After completing my bachelor's degree in nursing at Indiana University, I worked as a Pediatric Intensive Care Unit nurse for several years, most of that time as a travel RN. After four years of bedside practice, I choose to pursue a different direction and began work as a clinical research coordinator for the Kaiser Permanente Vaccine Study Center in San Francisco, California. I am a member of several professional organizations, including the American Nurses Association, Sigma Theta Tau International and the Association of Clinical Research Professionals.
I am currently pursuing a Masters of Science in Health Policy degree at the University of California, San Francisco (UCSF). I chose this avenue because of the existing need for nurses in the policy arena. Nurses are needed not only as leaders in nursing policy, but also as policy specialists in all aspects of healthcare. Nursing as a profession maintains an elevated amount of political capital with the general public because of our historical emphasis on the protection of individuals and stand for social justice. Because of this public trust, nurses can be particularly effective leaders at a policy level, which is what my intention is.
We must not ignore the needs of the international community, especially in regards to healthcare allocation for those whose voices are not heard. I am concerned about access to life saving pharmaceuticals and investigational trials as a means of basic human rights. Having been a medical volunteer for several months in a clinic in Gambia, a small country in the western part of Africa, I recognize the need for basic necessities, such as malaria medication and antibiotics. While in Africa, our team provided basic supplies to the clinic and instructed them in regards to preventative healthcare measures. These measures were only band-aids and it was then that I appreciated the need for international policy change, realizing that I can be an integral piece of this equation. We must balance the needs of our society as an international community with the highest ethical standards for human research.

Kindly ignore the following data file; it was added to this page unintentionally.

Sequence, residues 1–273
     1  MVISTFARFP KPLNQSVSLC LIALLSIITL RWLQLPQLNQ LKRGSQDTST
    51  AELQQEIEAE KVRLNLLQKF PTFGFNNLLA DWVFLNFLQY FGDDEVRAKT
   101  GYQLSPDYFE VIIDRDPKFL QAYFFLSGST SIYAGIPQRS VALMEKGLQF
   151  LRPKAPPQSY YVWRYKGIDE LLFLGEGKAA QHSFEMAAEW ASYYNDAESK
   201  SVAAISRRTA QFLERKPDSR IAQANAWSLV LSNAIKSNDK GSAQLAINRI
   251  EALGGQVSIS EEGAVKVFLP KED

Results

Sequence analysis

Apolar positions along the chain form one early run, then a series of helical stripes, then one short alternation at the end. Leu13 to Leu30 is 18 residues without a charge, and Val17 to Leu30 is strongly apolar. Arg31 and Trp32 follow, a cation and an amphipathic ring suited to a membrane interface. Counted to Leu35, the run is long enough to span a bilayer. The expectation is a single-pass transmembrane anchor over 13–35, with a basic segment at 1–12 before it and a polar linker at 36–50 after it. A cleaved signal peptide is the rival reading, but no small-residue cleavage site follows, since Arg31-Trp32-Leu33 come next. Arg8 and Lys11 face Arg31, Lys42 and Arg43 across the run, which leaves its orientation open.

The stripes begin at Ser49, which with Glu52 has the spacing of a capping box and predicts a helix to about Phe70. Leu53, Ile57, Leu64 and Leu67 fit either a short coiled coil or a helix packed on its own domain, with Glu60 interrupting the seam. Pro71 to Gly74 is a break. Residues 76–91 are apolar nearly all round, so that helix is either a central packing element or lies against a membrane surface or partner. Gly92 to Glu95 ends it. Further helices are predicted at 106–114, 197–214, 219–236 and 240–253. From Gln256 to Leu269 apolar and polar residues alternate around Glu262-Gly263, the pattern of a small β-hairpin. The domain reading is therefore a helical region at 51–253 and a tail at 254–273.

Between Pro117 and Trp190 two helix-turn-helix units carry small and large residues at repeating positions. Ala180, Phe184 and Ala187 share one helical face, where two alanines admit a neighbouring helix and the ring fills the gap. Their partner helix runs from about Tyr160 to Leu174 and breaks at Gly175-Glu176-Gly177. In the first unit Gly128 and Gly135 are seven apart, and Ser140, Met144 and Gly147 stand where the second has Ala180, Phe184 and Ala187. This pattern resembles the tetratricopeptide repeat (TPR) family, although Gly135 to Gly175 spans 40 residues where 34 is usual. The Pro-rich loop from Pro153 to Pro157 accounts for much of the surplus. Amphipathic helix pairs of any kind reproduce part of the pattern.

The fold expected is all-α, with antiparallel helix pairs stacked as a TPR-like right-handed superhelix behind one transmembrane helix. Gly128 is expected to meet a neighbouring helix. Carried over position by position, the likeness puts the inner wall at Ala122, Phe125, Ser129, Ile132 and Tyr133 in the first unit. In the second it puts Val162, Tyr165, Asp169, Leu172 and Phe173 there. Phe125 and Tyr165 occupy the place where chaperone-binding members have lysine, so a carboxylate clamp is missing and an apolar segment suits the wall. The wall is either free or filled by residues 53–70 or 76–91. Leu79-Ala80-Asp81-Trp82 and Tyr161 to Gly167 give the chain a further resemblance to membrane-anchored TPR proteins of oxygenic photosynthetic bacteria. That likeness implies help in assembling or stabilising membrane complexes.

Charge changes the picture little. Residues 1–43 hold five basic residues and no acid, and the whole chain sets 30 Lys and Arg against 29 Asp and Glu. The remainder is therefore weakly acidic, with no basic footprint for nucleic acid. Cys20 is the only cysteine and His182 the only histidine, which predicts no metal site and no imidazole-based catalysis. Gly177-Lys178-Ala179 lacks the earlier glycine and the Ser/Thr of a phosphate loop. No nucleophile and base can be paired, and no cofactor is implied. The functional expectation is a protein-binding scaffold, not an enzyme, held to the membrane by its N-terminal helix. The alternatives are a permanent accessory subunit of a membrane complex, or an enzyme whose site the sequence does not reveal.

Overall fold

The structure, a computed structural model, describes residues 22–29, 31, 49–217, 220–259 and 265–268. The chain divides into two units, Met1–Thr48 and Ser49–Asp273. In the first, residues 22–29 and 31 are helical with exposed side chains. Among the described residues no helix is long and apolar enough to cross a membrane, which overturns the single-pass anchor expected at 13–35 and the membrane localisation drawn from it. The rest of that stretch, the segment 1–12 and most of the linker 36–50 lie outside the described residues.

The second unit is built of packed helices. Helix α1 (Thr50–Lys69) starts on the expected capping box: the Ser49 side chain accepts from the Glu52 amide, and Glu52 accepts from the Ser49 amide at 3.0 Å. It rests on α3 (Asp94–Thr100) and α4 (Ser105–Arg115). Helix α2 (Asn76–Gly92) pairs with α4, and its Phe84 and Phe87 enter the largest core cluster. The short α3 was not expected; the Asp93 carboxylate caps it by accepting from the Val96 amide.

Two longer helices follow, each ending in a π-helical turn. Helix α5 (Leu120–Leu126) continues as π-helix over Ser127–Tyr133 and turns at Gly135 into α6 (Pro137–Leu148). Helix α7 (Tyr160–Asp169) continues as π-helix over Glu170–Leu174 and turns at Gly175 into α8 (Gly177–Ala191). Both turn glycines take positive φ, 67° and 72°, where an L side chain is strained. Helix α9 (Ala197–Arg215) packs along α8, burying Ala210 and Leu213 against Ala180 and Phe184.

Almost every aspect of our highly technological healthcare system deals with pharmaceuticals and medical devices. Who better to watch out for public safety and social justice in regards to these issues than a nurse? After graduation in 2008, my plans are to pursue a career in government affairs and/or research with specific focus on the pharmaceutical and biotech industry. My interests lie in the transparency of clinical research and development of new medications as they pertain to public safety. This summer I will be interning at the National Institutes of Health (National Library of Medicine and the Clinical Research and Policy Analysis Coordination Program) working on policy analysis regarding clinical trial transparency. My professional goal is to shape clinical trial guidelines as a policy leader. I hope to inspire other nurses to take on non-traditional leadership roles in healthcare, embracing our specialized skills and knowledge of the healthcare process and understanding these as market relevant forces. Couple this with our historical perspectives on social justice, and I believe that nursing as a profession can make several strides forward in arenas that we have otherwise not penetrated.